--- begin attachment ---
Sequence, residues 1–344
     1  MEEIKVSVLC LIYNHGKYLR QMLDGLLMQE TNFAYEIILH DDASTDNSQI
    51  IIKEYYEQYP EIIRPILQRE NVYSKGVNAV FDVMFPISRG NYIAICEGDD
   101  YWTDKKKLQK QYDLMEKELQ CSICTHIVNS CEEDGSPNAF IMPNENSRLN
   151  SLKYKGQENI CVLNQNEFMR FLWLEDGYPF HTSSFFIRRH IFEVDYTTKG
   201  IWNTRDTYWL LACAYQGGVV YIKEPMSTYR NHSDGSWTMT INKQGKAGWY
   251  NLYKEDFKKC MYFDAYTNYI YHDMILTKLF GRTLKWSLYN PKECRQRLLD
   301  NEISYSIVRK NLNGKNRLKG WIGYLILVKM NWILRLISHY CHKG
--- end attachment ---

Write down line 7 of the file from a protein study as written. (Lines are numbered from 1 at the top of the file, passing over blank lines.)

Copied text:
   251  NLYKEDFKKC MYFDAYTNYI YHDMILTKLF GRTLKWSLYN PKECRQRLLD